Iraq currently produces only a fraction of its vast reserves, the third-largest in the world and among the cheapest to produce, and international oil firms have been positioning for years to gain access.
Big oil firms such as Royal Dutch Shell, Total, Repsol YPF, ConocoPhillips, BP, and Norway’s StatoilHydro are among firms that have said they have registered or intended to do so.
“We are going to carefully study and check the documentation. Next month we will declare the companies which are permitted to work in the Iraqi oilfields,” Oil Ministry spokesman Asim Jihad told Reuters.
Iraq produces about 2.3 million barrels of oil a day, dwarfed by its 115 billion barrels of proven crude oil reserves. Only those of Saudi Arabia and Iran are larger.
An oil official said last year Iraq’s oil sector could need as much as $75 billion in investment.
Iraq has not said what fields it will tender, or on what terms, but the service and extraction contracts on offer are seen as a stop-gap until a crucial oil law is passed, and will not provide the long-term involvement big oil companies crave.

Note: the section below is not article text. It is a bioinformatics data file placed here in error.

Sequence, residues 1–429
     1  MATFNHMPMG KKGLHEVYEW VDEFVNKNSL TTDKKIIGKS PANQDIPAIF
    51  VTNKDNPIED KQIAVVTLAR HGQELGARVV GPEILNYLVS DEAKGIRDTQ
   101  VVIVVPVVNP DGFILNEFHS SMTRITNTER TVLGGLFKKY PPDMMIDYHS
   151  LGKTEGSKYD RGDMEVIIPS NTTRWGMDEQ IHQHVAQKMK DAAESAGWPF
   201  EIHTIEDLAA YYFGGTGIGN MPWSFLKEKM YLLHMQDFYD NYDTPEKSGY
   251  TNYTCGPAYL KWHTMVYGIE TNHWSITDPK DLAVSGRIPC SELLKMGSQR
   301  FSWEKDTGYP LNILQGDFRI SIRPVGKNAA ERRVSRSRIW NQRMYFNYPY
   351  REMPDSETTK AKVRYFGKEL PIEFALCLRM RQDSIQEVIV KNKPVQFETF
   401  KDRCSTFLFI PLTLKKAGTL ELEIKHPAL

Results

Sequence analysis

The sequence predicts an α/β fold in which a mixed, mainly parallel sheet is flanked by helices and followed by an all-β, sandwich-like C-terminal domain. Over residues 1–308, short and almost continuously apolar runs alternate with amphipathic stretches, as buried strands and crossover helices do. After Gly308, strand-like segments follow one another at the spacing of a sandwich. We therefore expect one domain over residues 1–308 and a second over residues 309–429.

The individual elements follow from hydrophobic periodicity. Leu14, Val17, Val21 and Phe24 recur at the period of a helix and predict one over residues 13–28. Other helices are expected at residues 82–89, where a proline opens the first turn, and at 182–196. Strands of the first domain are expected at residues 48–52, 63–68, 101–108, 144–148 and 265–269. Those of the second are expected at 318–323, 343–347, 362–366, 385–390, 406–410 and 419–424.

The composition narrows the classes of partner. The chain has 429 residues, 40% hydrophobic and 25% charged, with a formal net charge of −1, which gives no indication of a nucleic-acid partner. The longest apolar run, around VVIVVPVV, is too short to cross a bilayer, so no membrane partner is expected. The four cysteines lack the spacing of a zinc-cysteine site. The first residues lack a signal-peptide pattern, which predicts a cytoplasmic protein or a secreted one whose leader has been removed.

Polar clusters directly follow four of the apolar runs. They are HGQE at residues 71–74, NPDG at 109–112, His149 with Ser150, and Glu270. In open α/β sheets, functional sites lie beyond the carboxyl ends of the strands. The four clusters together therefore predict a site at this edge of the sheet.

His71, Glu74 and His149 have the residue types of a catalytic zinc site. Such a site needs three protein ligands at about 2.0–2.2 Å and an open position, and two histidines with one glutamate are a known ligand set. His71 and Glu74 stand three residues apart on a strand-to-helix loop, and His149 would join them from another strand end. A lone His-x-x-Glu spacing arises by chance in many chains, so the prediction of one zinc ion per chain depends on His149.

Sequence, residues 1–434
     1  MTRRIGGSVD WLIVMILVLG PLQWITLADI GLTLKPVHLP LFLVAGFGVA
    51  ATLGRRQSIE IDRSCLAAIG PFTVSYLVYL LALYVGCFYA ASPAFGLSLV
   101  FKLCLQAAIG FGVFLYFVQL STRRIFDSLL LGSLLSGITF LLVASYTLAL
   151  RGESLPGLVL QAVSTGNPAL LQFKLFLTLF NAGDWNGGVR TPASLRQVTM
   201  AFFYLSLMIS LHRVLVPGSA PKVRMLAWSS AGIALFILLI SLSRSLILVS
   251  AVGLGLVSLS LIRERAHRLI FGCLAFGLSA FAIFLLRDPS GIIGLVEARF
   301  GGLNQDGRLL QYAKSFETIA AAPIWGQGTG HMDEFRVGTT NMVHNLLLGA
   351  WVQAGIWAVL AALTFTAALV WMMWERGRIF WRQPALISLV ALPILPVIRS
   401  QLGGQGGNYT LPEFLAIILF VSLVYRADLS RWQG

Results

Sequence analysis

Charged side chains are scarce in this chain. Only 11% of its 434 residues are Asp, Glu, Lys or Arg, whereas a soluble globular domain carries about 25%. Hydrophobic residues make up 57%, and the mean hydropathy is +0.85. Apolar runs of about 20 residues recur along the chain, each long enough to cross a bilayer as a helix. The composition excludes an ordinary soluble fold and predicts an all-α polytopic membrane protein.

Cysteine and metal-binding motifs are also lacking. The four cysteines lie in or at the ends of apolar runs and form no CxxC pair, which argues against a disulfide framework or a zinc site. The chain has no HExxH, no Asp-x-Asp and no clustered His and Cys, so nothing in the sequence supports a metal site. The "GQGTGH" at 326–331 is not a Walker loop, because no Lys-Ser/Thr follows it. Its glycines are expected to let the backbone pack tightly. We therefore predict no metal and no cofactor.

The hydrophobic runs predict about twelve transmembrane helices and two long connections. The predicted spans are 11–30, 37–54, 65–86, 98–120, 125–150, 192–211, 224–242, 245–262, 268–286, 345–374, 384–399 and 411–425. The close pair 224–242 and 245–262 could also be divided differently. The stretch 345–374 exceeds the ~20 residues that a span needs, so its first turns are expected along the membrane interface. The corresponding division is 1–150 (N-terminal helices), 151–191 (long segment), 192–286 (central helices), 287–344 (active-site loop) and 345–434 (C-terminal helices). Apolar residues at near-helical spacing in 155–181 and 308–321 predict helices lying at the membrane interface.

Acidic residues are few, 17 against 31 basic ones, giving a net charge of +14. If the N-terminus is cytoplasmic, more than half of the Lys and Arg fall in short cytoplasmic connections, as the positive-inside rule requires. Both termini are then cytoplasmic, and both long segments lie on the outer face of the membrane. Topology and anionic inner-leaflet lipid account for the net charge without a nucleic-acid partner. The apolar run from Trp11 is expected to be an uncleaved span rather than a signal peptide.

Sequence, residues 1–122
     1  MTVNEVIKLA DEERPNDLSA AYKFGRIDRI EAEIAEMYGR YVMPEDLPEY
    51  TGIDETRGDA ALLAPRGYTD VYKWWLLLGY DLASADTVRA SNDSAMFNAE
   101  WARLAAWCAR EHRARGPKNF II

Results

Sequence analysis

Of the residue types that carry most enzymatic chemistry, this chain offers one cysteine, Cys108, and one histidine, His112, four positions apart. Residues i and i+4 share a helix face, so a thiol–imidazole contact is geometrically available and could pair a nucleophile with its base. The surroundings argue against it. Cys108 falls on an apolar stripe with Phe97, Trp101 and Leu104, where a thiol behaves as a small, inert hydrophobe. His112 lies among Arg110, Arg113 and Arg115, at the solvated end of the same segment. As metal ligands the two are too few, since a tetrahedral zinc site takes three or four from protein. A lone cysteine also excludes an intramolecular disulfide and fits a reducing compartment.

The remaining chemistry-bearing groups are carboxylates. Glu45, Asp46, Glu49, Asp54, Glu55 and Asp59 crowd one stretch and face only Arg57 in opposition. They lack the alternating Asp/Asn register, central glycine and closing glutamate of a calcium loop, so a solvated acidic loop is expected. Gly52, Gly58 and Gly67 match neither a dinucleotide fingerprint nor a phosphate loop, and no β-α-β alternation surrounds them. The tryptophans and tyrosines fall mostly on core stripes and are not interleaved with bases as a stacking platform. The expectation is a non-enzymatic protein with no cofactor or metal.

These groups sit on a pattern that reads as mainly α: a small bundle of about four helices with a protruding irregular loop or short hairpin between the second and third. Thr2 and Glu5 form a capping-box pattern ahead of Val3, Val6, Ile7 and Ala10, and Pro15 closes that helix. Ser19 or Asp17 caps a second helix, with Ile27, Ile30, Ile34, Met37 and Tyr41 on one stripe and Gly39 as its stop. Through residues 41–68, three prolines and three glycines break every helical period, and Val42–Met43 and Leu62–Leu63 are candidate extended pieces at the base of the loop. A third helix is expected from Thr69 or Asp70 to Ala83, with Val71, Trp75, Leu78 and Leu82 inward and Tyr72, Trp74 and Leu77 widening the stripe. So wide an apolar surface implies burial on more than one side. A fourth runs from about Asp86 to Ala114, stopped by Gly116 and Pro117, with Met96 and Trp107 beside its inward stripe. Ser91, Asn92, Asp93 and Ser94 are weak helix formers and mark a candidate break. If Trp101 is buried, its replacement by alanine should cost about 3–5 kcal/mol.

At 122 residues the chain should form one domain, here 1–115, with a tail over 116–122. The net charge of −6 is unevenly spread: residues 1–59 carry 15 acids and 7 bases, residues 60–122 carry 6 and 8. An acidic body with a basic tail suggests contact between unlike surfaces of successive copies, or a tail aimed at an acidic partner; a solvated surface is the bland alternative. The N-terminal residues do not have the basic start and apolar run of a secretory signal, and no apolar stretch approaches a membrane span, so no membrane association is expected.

Violence and political wrangling over the oil law, which will decide how to share the country’s oil wealth among its different regions, has stifled foreign input in the oil sector.
Iraq’s cabinet agreed to a draft oil law a year ago but disputes with the Kurdistan regional government and objections from Shi’ite and Sunni Arab politicians have delayed it.
No end to the impasse is in sight, Iraqi officals and lawmakers say.
Some oil companies had already signed deals with the largely autonomous northern Kurdistan region, a move that has angered the government in Baghdad, which has threatened to blacklist them and declare the deals illegal.
BP has no plans to send personnel into Iraq until the security situation improves, but would be interested in service agreements and cooperation with Iraq, BP has said.
Violence has fallen 60 percent across Iraq since 30,000 additional U.S. troops became fully deployed in June, and Sunni tribal leaders turned against Sunni Islamist al Qaeda.
Attacks have also fallen on the back of Shi’ite cleric and militia leader Moqtada al-Sadr’s ceasefire, declared last year but due to expire this month. He has not decided whether to extend it, a Sadr spokesman said last week.
Meanwhile, Iraq’s oil infrastructure still is frequently targeted by insurgents, and rival groups in Iraq’s mainly Shi’ite south — Iraq’s oil exporting hub — are locked in a bloody battle for supremacy.